Terry’s Tip: Faster Leeward-Mark Exit

At the leeward mark DORADO came barreling in, dropped their chute within two lengths, rounded tight to the Tower and pulled away. You may have heard someone say, “you can win or lose it in the corners” but seeing how it should be done makes that point very clearly. From Sailing World, Terry Hutchinson on rounding the leeward mark.

Photo by  Keith Brash/Quantum Racing      The telltales of a clean leeward mark rounding: a good upwind exit angle, crew on the rail, no ghosts on the foredeck.

Photo by Keith Brash/Quantum Racing
The telltales of a clean leeward mark rounding: a good upwind exit angle, crew on the rail, no ghosts on the foredeck.

A clean exit around the leeward mark requires a few consistent parts: a timely douse, good sail trim, proper rudder load, and a smooth, consistent rate of turn. In any competitive fleet a good rounding can be a make or break part of the race.

Timely douse Good timing on the spinnaker douse is critical. As I continue to learn time and again, early is better then late. The biggest criticism of my own game would my habit of pushing too far into the mark, at the risk of losing because of an untidy douse, which is greater than the potential gain. As soon as the boat is on the edge of the three-length zone, get rid of the spinnaker. In windier conditions make it happen even earlier, prioritizing a clean foredeck and weight on the rail as the boat turns onto the breeze.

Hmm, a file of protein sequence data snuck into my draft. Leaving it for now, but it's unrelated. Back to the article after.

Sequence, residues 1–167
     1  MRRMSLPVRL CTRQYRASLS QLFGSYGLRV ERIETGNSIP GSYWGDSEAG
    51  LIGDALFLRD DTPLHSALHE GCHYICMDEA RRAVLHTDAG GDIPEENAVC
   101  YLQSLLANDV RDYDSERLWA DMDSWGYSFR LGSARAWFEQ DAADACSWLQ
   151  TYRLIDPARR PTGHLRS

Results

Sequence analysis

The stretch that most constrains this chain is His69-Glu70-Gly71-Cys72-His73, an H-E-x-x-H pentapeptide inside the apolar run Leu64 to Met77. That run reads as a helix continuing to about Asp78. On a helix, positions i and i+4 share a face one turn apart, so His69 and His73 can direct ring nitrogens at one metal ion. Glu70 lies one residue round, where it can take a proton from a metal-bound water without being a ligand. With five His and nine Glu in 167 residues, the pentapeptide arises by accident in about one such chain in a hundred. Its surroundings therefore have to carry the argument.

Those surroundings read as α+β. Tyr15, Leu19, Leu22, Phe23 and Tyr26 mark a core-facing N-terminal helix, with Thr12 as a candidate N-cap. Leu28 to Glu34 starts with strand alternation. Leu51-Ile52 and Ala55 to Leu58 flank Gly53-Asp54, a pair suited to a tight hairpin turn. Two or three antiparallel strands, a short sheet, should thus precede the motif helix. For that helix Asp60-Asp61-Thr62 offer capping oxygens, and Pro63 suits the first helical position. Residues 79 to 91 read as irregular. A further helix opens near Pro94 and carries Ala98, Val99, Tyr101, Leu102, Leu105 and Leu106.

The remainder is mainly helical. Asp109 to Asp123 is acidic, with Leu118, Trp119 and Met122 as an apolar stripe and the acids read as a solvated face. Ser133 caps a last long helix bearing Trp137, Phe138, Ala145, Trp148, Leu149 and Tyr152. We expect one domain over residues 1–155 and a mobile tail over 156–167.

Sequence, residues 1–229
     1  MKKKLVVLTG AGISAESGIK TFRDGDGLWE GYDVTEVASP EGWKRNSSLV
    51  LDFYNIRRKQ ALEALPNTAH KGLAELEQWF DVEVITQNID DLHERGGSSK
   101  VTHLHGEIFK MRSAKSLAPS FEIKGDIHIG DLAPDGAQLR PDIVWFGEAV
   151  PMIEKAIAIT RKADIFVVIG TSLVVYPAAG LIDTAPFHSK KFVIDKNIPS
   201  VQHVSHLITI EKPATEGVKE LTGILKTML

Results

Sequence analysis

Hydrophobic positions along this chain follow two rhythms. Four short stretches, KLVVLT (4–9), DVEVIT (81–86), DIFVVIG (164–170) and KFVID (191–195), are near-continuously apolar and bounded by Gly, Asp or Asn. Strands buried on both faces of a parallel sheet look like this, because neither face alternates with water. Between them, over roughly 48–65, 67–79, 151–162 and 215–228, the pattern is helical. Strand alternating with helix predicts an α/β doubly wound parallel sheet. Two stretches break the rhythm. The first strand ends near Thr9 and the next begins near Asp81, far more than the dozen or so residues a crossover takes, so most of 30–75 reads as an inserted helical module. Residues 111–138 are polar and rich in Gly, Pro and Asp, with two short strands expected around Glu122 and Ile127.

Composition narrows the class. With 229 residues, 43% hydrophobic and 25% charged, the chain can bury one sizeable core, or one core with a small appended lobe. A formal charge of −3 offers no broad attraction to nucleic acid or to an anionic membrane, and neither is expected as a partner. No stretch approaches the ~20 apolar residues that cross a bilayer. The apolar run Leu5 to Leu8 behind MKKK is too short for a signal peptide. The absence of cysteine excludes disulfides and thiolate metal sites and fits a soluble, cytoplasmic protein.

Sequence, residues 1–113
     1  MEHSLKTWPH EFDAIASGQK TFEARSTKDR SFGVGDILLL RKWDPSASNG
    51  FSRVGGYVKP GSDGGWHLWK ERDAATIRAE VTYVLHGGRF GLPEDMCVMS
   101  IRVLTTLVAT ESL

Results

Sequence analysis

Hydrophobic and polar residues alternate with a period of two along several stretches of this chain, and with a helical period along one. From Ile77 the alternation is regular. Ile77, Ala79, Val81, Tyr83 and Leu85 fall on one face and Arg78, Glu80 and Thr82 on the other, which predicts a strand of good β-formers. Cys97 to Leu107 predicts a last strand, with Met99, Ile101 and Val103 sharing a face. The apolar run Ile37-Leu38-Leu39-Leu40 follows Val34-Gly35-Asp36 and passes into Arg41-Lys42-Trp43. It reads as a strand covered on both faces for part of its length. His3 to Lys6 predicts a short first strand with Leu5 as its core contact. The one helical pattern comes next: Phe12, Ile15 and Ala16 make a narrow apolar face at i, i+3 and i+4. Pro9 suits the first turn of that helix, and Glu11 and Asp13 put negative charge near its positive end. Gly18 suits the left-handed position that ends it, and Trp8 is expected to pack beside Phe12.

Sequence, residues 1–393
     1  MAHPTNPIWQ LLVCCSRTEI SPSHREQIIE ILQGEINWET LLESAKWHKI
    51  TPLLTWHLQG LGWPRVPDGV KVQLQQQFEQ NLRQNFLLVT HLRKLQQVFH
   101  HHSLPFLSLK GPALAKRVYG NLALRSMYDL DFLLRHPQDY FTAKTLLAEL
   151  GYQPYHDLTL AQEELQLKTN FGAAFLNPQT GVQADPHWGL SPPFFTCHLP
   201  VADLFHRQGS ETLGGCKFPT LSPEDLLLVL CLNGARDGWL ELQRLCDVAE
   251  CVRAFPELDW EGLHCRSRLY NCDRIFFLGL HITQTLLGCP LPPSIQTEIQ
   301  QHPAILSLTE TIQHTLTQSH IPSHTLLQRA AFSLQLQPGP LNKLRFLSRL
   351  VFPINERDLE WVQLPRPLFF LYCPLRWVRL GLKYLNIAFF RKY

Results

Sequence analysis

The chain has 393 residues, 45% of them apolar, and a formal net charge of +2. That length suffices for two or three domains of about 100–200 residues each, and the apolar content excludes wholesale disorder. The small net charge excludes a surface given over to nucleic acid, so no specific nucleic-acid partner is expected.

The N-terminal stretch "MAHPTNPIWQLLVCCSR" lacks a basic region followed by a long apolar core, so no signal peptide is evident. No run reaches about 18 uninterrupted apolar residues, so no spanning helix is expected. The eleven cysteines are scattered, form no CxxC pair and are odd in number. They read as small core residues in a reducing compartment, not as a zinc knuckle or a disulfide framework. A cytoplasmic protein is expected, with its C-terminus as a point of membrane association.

Sail trim This is where a bad turn gets amplified. A flapping mainsail kills the momentum of the turn and keeps the front of the boat loaded more than the rudder. The ideal turn is when the mainsail is trimmed slightly harder, or ahead of the turn, keeping enough (but not too much load) on the rudder, helping the boat onto an upwind angle. The jib trim should be just behind the mainsail, but if the trimmer errs, it’s better to have the sail slightly under trimmed than over trimmed. This will again make it easier for the helmsman to hit the upwind angle.

 

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